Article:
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  10. kiteboard

    kiteboard Hall of Fame

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    You can see a blur, can't you?
     
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  11. Limpinhitter

    Limpinhitter Legend

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    Nope! If you're head is steady, you can see the ball up to about a foot of contact. After that, your brain can't process the info that fast.
     
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  12. boramiNYC

    boramiNYC Hall of Fame

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    Besides it being extremely difficult to watch all the way to contact, it probably is unnecessary to be able to hit with the racquet center. Try bouncing a ball on a racquet. There's no need to watch the ball all the way to contact. And in fact, doing so makes it more difficult to simply bounce the ball.
     
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  13. Povl Carstensen

    Povl Carstensen Legend

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    When I see a blur of my racket going through the strikezone, I know I have watched long enough.
     
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  14. salsainglesa

    salsainglesa Semi-Pro

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    Sure you can!!!! if the ball is sloooooooooow.... if its fast, then forget it. no one can. Focus on the contact point.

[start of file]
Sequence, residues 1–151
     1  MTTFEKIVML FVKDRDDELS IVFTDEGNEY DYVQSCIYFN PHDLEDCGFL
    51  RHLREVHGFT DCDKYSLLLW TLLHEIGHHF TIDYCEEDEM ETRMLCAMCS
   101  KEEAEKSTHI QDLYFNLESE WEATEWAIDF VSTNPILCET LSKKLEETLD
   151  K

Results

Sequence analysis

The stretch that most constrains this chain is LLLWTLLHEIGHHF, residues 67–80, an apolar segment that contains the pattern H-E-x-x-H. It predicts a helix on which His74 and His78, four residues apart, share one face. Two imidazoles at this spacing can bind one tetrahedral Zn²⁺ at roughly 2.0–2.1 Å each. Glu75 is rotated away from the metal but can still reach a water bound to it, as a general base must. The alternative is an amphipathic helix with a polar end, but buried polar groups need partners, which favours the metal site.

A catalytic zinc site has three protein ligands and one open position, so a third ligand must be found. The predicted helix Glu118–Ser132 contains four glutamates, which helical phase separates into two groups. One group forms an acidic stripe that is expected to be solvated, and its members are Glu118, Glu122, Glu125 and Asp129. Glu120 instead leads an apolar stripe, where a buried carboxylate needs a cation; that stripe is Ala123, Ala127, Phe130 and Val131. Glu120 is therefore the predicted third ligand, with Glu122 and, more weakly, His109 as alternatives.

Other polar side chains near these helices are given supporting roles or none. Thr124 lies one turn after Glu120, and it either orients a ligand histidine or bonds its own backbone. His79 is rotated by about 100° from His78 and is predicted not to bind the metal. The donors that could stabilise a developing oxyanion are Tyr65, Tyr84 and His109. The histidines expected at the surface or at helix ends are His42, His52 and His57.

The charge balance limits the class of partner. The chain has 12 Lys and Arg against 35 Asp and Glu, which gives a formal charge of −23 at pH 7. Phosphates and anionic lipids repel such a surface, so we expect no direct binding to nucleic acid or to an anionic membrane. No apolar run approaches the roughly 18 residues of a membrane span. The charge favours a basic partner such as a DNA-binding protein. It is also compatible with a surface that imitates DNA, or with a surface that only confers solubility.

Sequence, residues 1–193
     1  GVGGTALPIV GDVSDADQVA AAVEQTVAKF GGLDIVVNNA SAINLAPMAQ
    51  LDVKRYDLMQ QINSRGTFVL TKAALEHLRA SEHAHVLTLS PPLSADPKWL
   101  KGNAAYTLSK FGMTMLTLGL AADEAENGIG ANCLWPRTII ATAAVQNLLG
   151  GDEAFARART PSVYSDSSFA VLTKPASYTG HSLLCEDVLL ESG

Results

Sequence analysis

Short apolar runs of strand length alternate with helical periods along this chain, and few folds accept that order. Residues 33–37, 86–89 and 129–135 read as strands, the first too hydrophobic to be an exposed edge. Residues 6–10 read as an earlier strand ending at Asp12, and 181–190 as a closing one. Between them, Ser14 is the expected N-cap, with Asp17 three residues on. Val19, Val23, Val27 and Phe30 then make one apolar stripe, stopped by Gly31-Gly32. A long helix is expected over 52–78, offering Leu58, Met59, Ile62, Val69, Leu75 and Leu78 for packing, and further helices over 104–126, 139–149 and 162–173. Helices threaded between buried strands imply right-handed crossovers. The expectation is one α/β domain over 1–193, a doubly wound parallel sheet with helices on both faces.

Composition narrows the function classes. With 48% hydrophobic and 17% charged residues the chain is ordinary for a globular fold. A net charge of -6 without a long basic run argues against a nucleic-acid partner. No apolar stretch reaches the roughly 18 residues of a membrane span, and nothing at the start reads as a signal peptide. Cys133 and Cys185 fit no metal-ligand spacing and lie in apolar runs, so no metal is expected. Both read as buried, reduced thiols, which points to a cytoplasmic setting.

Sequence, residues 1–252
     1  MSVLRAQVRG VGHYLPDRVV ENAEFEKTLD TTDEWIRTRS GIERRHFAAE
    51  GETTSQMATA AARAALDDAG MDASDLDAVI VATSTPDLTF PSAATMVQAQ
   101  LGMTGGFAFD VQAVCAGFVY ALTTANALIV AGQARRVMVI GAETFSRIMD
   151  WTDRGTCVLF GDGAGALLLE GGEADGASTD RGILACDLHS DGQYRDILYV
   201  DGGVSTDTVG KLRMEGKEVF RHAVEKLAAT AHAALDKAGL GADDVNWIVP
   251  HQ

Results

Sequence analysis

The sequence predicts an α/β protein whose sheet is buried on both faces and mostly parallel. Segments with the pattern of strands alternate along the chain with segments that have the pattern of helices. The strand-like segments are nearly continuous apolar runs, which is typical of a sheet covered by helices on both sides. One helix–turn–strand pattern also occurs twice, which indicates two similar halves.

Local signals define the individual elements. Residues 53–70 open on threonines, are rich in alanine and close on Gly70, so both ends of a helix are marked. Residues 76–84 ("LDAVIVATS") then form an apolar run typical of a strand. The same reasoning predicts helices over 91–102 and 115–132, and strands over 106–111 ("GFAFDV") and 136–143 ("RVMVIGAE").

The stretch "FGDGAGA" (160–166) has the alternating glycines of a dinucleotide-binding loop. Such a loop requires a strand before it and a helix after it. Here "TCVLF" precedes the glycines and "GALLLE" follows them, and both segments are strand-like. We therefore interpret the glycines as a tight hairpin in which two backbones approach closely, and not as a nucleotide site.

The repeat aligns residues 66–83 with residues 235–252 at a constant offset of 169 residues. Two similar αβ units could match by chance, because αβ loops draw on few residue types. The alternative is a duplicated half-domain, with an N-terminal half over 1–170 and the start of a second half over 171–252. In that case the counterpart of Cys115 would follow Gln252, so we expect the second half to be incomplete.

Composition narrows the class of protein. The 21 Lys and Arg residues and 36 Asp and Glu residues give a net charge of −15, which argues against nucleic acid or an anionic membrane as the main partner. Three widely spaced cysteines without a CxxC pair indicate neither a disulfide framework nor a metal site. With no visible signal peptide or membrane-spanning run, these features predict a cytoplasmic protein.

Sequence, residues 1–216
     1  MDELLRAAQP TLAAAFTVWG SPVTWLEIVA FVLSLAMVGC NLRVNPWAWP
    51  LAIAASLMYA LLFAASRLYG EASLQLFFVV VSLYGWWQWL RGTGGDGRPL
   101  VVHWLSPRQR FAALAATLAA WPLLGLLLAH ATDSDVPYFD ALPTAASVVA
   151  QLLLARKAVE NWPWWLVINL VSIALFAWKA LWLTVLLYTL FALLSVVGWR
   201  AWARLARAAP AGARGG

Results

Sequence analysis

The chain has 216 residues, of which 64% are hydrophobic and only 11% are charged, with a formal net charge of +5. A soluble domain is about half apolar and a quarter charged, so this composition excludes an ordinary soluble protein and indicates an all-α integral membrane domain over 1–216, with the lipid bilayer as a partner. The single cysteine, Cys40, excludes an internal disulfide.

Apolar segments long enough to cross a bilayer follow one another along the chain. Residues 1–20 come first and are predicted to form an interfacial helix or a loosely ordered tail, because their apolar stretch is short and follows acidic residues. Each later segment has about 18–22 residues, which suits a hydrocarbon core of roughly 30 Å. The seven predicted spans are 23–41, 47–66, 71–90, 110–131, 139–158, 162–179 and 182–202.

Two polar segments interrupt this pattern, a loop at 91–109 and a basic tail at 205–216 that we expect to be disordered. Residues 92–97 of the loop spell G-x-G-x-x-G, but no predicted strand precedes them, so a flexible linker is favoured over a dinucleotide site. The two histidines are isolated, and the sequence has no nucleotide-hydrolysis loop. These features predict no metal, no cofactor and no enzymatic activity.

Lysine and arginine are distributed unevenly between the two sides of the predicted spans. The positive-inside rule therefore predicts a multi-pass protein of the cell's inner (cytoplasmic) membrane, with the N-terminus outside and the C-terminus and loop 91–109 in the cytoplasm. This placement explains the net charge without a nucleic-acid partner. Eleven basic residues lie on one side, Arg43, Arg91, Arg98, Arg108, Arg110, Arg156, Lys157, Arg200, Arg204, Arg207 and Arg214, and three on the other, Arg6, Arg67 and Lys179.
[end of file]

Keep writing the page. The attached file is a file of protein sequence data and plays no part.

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  15. SystemicAnomaly

    SystemicAnomaly G.O.A.T.

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    ^ Yup. Even if the ball is moving at a moderate pace the brain/eyes cannot keep up when the ball is in close proximity. However, for very slooooooow balls it is possible.

    That also works pretty well.

    Just because a high speed camera some distance away can see the ball, does not mean that Roger, in close proximity, actually sees it.
    .
     
    Last edited: Mar 22, 2012
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  16. SystemicAnomaly

    SystemicAnomaly G.O.A.T.

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    Once in a while, but certainly not always, I have been able to pick up a brief/fleeting yellowish blur close to the contact point (but never on the strings) shortly after my eyes have jumped ahead to the contact point. However, there is a visual gap. The ball disappears for an instant, I pick up a momentary blur, and the ball disappears again before my eyes can pick it up again some time after contact (the ball is often several meters away before my eyes can pick up the departing ball).

    The event happens so quickly that it is difficult to ascertain if this observed momentary blur happens before or after contact (but I suspect that it is prior to contact). It is easier to see the blur of the racket passing thru the contact zone.
    .
     
    Last edited: Mar 22, 2012
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  17. pvaudio

    pvaudio Legend